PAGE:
Assigned: Mar. 5
Due: Mar. 26.
Let us say that a set S is normal if S is not an element of S. Then there cannot exist a set of all normal sets.
There cannot exist a set S0 such that, for every set S, S is an element of S0 if and only if S is not an element of S.
Consider a first-order language L where the entities are sets containing the single predicate e(X,Y), meaning that X is an element of Y. State the above proposition in L and prove it using resolution. (Note: no axioms are needed.)
Answer: The statement is
~ [exists(S0) all(S) e(S,S0) < = > ~e(S,S)].Negating and Skolemizing gives two clauses:
A. e(S,s0) V e(S,S) B. ~e(S,s0) V ~e(S,S)(s0 is a Skolem constant.) The proof is then as follows:
C. e(s0,s0). (Factoring A with substitution S=s0). D. ~e(s0,s0). (Factoring B with substitution S=s0). E. null. (Resolving A with B.)
1. forall(X,Y) a(X,Y) < = > p(X,Y) V [exists(Z) a(X,Z) ^ a(Z,Y)].Suppose that, in addition, we have the following axioms describing a family tree:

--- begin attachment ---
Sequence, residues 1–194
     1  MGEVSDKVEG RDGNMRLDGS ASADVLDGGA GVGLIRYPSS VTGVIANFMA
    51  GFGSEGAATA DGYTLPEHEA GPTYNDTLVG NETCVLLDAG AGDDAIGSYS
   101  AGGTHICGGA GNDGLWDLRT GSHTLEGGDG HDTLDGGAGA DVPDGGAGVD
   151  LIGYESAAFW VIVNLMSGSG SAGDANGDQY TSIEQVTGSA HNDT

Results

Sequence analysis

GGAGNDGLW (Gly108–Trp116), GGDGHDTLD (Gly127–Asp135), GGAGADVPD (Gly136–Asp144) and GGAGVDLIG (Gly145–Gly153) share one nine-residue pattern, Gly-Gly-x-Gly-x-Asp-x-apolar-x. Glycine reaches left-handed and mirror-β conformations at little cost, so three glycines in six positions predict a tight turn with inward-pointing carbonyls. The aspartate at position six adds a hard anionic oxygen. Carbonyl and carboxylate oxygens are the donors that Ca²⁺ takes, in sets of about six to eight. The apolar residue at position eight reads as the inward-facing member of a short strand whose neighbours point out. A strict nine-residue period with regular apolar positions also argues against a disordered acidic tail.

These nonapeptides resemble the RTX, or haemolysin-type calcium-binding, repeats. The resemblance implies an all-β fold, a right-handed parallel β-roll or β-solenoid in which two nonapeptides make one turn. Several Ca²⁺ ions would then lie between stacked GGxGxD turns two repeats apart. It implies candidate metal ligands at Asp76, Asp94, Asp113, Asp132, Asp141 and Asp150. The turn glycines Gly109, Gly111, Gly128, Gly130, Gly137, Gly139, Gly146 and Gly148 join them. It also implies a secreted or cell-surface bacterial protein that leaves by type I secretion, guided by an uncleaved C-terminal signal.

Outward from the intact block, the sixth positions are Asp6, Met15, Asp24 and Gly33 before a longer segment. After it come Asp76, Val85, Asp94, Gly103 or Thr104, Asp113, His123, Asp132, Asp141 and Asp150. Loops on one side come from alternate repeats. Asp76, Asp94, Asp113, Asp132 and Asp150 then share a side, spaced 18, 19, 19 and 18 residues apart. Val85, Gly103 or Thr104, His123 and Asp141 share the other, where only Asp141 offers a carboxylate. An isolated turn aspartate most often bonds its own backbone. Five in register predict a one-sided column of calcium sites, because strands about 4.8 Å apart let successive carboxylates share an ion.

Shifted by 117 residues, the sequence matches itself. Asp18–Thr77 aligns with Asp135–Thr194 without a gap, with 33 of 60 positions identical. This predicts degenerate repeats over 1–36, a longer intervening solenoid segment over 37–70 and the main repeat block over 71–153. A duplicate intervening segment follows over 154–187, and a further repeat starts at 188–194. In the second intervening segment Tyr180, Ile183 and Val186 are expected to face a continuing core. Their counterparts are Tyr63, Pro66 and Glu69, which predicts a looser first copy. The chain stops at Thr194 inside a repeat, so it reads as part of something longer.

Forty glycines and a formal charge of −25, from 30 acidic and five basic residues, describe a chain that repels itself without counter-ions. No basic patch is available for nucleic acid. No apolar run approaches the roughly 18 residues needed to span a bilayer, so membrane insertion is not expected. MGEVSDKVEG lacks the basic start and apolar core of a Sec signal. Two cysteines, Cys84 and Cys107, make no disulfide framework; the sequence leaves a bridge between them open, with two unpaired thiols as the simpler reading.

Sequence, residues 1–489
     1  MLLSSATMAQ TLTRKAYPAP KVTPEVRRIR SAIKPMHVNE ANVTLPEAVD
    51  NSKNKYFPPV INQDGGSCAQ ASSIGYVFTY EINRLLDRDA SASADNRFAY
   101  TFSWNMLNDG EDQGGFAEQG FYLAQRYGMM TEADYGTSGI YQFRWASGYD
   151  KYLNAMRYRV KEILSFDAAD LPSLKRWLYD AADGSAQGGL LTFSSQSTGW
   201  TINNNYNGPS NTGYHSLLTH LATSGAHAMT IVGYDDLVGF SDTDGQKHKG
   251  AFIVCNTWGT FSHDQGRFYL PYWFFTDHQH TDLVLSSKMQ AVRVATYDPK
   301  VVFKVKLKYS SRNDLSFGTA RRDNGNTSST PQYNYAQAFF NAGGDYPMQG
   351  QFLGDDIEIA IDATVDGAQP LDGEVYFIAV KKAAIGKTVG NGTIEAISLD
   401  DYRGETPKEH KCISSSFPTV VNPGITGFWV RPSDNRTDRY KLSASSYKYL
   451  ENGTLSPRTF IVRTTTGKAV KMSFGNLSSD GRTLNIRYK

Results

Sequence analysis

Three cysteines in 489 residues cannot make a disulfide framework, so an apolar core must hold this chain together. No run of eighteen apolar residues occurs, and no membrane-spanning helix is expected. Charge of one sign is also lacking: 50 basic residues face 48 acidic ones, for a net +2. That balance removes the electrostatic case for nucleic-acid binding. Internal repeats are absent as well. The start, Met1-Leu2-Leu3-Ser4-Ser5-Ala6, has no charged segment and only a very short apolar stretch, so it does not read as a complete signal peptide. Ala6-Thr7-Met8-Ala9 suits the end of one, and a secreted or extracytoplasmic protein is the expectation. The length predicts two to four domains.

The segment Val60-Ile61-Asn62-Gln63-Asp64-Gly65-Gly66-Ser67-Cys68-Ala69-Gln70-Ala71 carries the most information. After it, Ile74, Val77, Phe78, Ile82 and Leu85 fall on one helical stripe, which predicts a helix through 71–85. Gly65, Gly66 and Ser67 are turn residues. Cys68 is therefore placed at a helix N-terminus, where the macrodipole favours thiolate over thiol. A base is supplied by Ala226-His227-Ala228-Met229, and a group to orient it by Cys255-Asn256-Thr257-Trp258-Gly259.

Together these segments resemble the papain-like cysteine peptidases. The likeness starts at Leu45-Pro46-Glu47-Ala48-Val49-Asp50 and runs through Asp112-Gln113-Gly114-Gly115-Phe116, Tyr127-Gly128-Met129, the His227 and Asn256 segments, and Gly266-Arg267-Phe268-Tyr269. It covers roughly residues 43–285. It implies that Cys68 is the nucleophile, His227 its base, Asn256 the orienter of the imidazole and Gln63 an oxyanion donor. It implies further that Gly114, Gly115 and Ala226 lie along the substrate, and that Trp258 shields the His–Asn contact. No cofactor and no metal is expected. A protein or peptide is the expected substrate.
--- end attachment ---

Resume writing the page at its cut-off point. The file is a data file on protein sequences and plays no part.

A. Skolemizing (1) gives four clauses:
4. ~a(X,Z) V ~a(Z,Y) V a(X,Y). 5. ~p(X,Y) V a(X,Y) 6. ~a(X,Y) V p(X,Y) V a(X,sk1(X,Y)) 7. ~a(X,Y) V p(X,Y) V a(sk1(X,Y),Y)Clauses 4,5 are Horn; clauses 6,7 are not.
B. One backward chaining proof would be:
G0: ~a(e,w). (Negated goal) G1: ~a(e,Z) V ~a(Z,w). (G0+4). G2: ~p(e,Z) V ~a(Z,w). (G1+5). G3: ~a(c,w). (G2+2). G4: ~p(c,w). (G3+5). G5: Null (G4+3).
C. One forward chaining proof would be:
8. a(e,c) (2+5) 9. a(c,w) (3+5) 10. ~a(c,Z) V a(e,Z) (8+4) 11. a(e,w). (9+10) 12. Null (11+G0)
4. ~ exists(Z) p(w,Z).Let G be the statement "~ exists(Z) a(w,Z)." One might think that G is a consequence of H1. After all, if ancestor is the transitive closure of parent, and W is not anyone's parent then surely W is not anyone's ancestor. However, G is not a consequence of H1. Prove that G is not a consequence of H1 by constructing a model in which H1 is true and G is false. That is, you should list a set of parent and ancestor relations that satisfies H1 but not G. (Hint: this can be done using only the individuals e, w, and c.)
The moral is that first-order recursive definitions don't actually say everything that you would like them to say.
Answer: There are many possible answers. One would be the following model.
p(e,c) p(c,w) a(e,c) a(e,w) a(c,w) a(w,w).This satisfies axiom 1; the condition a(X,Y) < = exists(Z) a(X,Z) ^ a(Z,Y) is satisfied for X=Y=w where Z is also equal to w. However it obviously violates G.